How does your state rank?
According to a statistical analysis by CNBC named “America’s Top States for Business 2022,” North Carolina, Washington and Virginia are among the best states in the country for business.
The analysis is not an opinion survey, but a data-driven report that measures states on 88 metrics including workforce, infrastructure, economy, cost of doing business and several others. Each state can earn a maximum of 2,500 points across all categories and then are ranked based on total points.
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Additionally, some categories are weighted higher than others. For example, “workforce” and “infrastructure” are weighted more heavily than “access to capital” and “cost of living.”
Categories are measured in a variety of ways, the report says. Cost of living, for example, measures an index of costs for basic items, and access to capital is measured by state-backed capital and loan guarantee programs.
Here are the full rankings:
- North Carolina
- North Dakota
- South Dakota
- New Hampshire
- New York
- South Carolina
- New Jersey
- West Virginia
- Rhode Island
- New Mexico
Only one of the states in the top five (Texas) is also among the top five in total growth domestic product (GDP), according to the U.S. Department of Commerce. Some of the biggest states in the country, like California, New York and Florida, are featured much lower in these business rankings.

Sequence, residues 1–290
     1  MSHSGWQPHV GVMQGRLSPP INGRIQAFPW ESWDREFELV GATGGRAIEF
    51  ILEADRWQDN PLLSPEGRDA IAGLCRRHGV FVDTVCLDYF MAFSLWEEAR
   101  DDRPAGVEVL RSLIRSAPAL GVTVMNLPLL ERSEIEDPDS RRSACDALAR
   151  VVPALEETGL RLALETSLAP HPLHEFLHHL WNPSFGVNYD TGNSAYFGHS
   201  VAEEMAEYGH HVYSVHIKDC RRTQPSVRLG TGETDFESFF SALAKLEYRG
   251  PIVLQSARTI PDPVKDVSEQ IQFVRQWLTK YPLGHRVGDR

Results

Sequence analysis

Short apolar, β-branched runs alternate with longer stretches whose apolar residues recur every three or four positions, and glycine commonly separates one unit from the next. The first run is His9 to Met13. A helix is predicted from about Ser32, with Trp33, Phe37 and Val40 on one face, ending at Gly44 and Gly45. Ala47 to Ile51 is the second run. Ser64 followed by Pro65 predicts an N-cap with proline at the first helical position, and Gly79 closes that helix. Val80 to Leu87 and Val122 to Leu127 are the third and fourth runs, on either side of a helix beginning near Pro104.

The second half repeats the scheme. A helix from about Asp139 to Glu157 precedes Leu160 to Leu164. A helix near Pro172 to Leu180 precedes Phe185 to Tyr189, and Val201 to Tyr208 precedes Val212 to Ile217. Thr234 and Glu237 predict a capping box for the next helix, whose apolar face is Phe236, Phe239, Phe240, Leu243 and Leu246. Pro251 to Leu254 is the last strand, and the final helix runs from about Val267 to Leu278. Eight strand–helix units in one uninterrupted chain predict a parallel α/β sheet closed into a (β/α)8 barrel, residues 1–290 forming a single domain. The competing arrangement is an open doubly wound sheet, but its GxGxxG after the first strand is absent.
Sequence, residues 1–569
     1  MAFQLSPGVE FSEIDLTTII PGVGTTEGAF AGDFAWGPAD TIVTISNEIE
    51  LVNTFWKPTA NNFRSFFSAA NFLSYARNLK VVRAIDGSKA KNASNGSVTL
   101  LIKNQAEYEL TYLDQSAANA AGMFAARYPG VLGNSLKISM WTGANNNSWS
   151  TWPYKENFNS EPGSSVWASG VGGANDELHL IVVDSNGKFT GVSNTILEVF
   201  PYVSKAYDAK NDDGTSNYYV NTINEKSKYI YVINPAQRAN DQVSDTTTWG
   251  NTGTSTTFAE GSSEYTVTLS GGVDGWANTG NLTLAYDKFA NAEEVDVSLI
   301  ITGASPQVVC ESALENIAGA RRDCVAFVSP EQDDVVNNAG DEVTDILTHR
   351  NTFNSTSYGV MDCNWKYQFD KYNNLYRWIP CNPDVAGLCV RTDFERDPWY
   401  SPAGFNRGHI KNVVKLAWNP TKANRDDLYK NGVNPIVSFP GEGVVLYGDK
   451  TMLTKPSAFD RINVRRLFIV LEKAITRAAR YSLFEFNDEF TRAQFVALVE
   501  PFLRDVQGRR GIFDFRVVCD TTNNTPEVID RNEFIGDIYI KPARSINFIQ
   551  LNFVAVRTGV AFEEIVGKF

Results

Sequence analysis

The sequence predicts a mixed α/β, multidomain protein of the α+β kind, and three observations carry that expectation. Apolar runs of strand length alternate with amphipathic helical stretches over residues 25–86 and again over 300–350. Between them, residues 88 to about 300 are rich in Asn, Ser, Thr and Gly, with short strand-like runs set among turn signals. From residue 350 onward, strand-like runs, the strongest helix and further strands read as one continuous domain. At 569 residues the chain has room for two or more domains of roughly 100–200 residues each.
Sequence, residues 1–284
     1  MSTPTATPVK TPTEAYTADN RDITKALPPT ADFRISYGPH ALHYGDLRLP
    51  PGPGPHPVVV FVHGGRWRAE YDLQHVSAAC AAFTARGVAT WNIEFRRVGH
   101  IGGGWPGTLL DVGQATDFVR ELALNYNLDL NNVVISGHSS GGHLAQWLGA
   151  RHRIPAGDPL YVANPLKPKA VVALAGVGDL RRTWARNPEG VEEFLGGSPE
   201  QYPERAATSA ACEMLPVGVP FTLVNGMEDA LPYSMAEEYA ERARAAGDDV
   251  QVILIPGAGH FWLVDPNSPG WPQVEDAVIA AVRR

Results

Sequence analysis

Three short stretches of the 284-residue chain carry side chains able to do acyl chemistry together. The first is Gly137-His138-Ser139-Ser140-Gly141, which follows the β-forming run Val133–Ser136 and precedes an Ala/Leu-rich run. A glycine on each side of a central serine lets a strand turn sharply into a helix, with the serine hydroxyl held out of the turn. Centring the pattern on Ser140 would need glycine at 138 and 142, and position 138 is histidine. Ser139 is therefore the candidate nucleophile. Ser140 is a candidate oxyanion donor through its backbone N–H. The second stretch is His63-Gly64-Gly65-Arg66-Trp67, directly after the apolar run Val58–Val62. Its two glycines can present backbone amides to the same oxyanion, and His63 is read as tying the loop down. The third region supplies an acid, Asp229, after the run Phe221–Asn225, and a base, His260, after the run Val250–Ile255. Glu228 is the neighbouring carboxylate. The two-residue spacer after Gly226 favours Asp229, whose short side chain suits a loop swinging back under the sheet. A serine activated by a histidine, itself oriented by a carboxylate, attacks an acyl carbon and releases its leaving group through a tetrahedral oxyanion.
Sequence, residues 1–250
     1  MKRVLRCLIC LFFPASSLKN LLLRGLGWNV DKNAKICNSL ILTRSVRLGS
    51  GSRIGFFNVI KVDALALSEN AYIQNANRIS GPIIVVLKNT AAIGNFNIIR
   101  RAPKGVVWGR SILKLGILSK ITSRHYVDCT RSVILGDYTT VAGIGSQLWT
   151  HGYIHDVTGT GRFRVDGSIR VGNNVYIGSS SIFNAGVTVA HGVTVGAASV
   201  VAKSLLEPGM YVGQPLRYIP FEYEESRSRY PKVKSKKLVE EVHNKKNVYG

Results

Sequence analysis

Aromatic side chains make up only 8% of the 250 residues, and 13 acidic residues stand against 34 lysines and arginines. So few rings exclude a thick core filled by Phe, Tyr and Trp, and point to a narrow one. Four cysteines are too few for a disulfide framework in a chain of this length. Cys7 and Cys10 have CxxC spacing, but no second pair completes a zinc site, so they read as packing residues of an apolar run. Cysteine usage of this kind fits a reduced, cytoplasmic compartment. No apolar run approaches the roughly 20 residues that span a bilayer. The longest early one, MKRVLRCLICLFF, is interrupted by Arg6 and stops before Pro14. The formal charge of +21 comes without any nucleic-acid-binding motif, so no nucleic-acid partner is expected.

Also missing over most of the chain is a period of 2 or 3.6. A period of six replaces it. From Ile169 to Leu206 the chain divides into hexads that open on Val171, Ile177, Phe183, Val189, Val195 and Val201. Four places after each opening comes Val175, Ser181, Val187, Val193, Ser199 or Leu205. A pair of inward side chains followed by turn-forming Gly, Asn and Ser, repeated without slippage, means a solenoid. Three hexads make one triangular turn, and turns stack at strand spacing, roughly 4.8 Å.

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“Talking to CEO after CEO, workforce is the driving force for them right now,” North Carolina Democratic Gov. Roy Cooper told CNBC. “They see North Carolina as a place where they can rely on our community colleges, our greatest array of public and private universities in the country to make sure they have the workforce they need.”
The report comes as the U.S. economy is dealing with surging inflation. According to June CPI data, inflation climbed to a 41-year high of 9.1% year-over-year.
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President Biden has called the high inflation reading “unacceptably high,” and Tom Porcelli, chief U.S. economist at RBC Capital Markets, said the Federal Reserve will likely have “zero patience” for such high inflation numbers, possibly signaling a benchmark interest rate increase in July or September.
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